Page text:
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Another excerpt from Caritas in Veritate :


The challenge of development today is closely linked to technological progress , with its astounding applications in the field of biology. Technology — it is worth emphasizing — is a profoundly human reality, linked to the autonomy and freedom of man. In technology we express and confirm the hegemony of the spirit over matter. “The human spirit, ‘increasingly free of its bondage to creatures, can be more easily drawn to the worship and contemplation of the Creator’”. Technology enables us to exercise dominion over matter, to reduce risks, to save labour, to improve our conditions of life. It touches the heart of the vocation of human labour: in technology, seen as the product of his genius, man recognizes himself and forges his own humanity. Technology is the objective side of human action whose origin and raison d’etre is found in the subjective element: the worker himself. For this reason, technology is never merely technology. It reveals man and his aspirations towards development, it expresses the inner tension that impels him gradually to overcome material limitations. Technology, in this sense, is a response to God’s command to till and to keep the land (cf. Gen 2:15) that he has entrusted to humanity, and it must serve to reinforce the covenant between human beings and the environment, a covenant that should mirror God’s creative love.

 Technological development can give rise to the idea that technology is self-sufficient when too much attention is given to the “ how ” questions, and not enough to the many “ why ” questions underlying human activity. For this reason technology can appear ambivalent. Produced through human creativity as a tool of personal freedom, technology can be understood as a manifestation of absolute freedom, the freedom that seeks to prescind from the limits inherent in things. The process of globalization could replace ideologies with technology, allowing the latter to become an ideological power that threatens to confine us within an a priori that holds us back from encountering being and truth. Were that to happen, we would all know, evaluate and make decisions about our life situations from within a technocratic cultural perspective to which we would belong structurally, without ever being able to discover a meaning that is not of our own making. The “technical” worldview that follows from this vision is now so dominant that truth has come to be seen as coinciding with the possible. But when the sole criterion of truth is efficiency and utility, development is automatically denied. True development does not consist primarily in “doing”. The key to development is a mind capable of thinking in technological terms and grasping the fully human meaning of human activities, within the context of the holistic meaning of the individual’s being. Even when we work through satellites or through remote electronic impulses, our actions always remain human, an expression of our responsible freedom. Technology is highly attractive because it draws us out of our physical limitations and broadens our horizon. But human freedom is authentic only when it responds to the fascination of technology with decisions that are the fruit of moral responsibility . Hence the pressing need for formation in an ethically responsible use of technology. Moving beyond the fascination that technology exerts, we must reappropriate the true meaning of freedom, which is not an intoxication with total autonomy, but a response to the call of being, beginning with our own personal being.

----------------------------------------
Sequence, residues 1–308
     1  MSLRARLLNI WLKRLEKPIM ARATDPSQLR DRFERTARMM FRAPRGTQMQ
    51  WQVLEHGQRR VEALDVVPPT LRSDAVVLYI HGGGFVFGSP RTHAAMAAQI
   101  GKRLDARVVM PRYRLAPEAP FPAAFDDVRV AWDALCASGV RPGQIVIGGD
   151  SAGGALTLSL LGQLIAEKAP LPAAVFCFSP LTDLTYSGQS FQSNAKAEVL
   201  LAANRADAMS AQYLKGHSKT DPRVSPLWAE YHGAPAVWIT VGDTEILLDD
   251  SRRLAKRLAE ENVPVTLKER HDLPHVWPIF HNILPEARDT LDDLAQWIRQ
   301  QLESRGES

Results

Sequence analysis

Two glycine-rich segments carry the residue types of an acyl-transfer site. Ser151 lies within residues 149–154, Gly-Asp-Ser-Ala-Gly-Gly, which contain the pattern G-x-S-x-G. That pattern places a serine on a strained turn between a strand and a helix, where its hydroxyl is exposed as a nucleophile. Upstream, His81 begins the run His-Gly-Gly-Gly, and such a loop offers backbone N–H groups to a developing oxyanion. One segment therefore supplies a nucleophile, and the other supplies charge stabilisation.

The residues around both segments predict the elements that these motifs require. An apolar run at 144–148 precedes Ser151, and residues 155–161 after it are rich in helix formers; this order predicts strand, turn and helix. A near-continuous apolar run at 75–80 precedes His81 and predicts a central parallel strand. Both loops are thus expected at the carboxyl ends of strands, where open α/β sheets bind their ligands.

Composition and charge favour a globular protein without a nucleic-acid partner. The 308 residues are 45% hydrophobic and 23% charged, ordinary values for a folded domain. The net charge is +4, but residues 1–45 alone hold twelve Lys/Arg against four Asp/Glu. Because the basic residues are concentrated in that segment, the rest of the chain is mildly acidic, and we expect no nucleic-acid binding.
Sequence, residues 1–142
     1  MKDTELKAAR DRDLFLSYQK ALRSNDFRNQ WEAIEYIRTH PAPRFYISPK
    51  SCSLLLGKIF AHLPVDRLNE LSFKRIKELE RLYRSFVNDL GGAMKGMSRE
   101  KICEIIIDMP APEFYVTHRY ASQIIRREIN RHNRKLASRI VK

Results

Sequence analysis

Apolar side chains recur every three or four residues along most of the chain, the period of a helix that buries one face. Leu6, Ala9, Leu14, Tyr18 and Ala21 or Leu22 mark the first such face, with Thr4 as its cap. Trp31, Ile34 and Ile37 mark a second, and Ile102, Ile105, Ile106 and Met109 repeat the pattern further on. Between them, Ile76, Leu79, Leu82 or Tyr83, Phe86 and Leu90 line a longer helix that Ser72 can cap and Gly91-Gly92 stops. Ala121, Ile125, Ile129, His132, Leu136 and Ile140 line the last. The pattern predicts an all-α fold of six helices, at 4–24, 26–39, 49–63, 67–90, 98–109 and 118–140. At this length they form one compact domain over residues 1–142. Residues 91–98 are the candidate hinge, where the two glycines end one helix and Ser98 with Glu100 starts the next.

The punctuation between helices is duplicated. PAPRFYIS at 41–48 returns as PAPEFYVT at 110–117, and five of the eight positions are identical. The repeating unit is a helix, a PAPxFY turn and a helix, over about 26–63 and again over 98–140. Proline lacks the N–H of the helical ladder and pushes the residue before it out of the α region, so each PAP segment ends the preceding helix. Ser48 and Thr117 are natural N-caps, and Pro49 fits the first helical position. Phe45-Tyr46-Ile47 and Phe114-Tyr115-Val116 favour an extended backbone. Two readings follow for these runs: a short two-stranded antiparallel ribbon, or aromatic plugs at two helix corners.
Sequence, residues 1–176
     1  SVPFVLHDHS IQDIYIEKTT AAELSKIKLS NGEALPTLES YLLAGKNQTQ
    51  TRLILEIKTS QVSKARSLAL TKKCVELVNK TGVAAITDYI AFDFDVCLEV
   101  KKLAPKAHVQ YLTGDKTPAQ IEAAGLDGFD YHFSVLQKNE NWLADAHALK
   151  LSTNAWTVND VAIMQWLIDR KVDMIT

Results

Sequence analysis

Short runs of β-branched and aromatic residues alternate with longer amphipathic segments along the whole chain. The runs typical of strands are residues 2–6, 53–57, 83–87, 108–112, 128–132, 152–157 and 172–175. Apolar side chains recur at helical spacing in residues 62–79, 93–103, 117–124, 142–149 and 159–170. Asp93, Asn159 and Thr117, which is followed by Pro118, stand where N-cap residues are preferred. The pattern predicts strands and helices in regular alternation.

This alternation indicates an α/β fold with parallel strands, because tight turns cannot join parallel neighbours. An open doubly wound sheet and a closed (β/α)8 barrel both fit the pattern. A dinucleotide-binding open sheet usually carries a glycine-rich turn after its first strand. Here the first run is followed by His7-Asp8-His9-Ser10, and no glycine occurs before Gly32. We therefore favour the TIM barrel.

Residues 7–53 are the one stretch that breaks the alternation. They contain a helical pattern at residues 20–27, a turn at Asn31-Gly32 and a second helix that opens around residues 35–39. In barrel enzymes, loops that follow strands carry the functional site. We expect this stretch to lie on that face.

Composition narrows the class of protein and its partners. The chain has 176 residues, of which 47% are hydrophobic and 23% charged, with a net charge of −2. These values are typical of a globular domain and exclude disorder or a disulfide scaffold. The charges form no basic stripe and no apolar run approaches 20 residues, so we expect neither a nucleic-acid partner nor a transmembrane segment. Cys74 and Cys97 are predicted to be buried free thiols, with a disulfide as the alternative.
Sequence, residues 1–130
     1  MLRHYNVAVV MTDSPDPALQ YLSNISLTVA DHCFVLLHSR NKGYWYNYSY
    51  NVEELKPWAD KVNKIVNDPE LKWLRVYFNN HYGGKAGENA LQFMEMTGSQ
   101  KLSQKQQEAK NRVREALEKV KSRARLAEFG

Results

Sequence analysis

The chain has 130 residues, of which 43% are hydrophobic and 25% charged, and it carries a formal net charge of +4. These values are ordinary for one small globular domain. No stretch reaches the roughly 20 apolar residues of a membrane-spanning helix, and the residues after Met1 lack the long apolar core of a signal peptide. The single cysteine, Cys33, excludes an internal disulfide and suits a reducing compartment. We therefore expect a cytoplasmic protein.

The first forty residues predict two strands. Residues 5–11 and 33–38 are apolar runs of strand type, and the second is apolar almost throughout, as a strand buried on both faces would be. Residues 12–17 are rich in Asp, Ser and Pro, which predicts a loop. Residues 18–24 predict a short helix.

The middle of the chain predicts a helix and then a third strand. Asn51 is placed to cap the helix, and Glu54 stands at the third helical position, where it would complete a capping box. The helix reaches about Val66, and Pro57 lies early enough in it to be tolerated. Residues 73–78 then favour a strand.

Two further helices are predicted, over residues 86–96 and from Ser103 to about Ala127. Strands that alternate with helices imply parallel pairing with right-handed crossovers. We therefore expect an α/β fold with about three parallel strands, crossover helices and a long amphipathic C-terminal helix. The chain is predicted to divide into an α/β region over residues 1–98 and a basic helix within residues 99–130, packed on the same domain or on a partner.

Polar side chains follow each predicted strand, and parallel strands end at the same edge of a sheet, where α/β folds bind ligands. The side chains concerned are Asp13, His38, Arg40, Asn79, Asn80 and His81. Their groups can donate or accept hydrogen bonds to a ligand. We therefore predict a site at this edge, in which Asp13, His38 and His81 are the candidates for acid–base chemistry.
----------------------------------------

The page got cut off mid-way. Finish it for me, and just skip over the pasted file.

Pope Benedict XVI not only doesn’t reject technology but understands it to be a genuine dimension of our uniquely human freedom and an instrument of our natural inclination, sometimes paradoxically expressed against nature, towards “being more”. In fact, despite the depersonalizing consequences that can follow from a reductionist techno-scientism, the fact of technological “aspiration” illuminates the extent to which human thought is irreducibly personal always being the expression of our not fully natural “personal being”. The problem of technology is similar to the Augustinian problem with philosophy—that our “fascination” and “intoxication” with it deludes us into accepting it as evidence of our “total autonomy” and an “absolute freedom” that “seeks to prescind from the limits inherent in things”. Our technological freedom, the Pope argues, must always be understood in conjunction with our moral responsibility, which is rooted in a recognition of that which limits us. Our gravitational pull towards “being more” should never be confused with the possibility of “being anything”— the pernicious pretense that our being is ultimately the result of ex nihilo self-construction has the consequence of reducing our existence to “being nothing”.

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